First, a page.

History of Dates
An old Arabic legend tells of the Date palm's creation: "After God had finished molding Man from Earth; He took the remaining material and shaped it into a date palm which he placed in the Garden of Paradise".
Since before the existence of Man over 50,000 years ago - Date palms and their fruit have been instrumental to humans. The Mesopotamians recognized the tree's versatility and value; its sweet fruit became an essential part of their diet. The palm offered "three hundred and sixty" uses including needles, thread, lumber, mattresses, rope, baskets and other household items; as well as food and beverage.
Feet in Water, Head in Fire
Date palms are said to thrive with their "feet in water and heads in the sun" because they need plenty of ground water to drink, but high heat and arid weather to produce fruit.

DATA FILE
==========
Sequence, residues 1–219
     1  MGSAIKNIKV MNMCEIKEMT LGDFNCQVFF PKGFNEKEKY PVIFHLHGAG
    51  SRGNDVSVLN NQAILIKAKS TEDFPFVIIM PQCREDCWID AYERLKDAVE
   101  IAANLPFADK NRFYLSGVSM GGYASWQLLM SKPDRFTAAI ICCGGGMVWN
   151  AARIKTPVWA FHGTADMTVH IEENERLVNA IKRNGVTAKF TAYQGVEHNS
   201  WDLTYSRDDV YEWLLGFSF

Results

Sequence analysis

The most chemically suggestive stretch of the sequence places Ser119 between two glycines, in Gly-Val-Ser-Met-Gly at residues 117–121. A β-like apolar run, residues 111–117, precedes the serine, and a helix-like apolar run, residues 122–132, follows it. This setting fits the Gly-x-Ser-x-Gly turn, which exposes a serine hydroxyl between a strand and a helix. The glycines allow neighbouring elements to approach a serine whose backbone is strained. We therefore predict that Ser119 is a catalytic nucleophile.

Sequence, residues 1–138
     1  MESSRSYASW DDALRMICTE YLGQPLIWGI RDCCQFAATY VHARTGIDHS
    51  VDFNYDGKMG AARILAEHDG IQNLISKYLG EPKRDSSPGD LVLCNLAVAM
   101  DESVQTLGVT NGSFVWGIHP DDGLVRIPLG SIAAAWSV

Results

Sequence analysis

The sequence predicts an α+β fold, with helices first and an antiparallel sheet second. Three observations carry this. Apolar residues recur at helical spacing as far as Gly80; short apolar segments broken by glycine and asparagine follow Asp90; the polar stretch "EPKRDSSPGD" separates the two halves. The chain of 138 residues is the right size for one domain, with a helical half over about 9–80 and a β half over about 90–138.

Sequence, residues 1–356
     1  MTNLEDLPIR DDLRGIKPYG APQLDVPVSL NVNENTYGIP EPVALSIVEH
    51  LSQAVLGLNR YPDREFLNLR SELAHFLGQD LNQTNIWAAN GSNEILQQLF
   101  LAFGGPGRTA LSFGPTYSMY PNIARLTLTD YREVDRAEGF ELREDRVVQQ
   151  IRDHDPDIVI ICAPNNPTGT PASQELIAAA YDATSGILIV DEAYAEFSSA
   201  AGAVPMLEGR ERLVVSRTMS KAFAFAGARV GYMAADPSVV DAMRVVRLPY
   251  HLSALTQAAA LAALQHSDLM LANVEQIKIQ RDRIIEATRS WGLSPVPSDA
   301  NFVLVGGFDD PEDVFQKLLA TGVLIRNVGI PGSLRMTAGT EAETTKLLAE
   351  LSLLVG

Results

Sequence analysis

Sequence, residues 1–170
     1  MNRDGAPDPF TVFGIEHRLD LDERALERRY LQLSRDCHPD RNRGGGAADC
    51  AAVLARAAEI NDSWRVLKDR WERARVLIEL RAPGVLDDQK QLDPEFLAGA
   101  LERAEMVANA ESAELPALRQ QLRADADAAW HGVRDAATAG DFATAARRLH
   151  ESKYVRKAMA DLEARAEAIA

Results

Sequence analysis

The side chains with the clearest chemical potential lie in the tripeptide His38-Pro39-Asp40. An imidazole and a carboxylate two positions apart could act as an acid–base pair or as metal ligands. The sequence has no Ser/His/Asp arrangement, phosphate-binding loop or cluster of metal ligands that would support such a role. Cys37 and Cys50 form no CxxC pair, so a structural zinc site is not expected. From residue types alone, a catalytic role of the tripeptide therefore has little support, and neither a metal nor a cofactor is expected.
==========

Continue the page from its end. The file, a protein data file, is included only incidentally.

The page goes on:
Growing and Harvesting Dates
Commercially grown date palms are from offshoots to ensure desired date variety qualities. The scientific name, Phoenix dactylifera, refers to feather palms that may grow more than 100 feet and live more than 200 years.
Date palms are dioecious - having male and female trees. Females bear the fruit, males produce pollen. Commercial date gardens typically have one male and fifty female trees planted per acre. Natural pollination by wind is not efficient. Hand pollination is one of the oldest agricultural techniques. Using the mechanical pollination method, pollen collected from male flowers is mixed with a carrier such as flour, and is dusted on just-opened female flower clusters.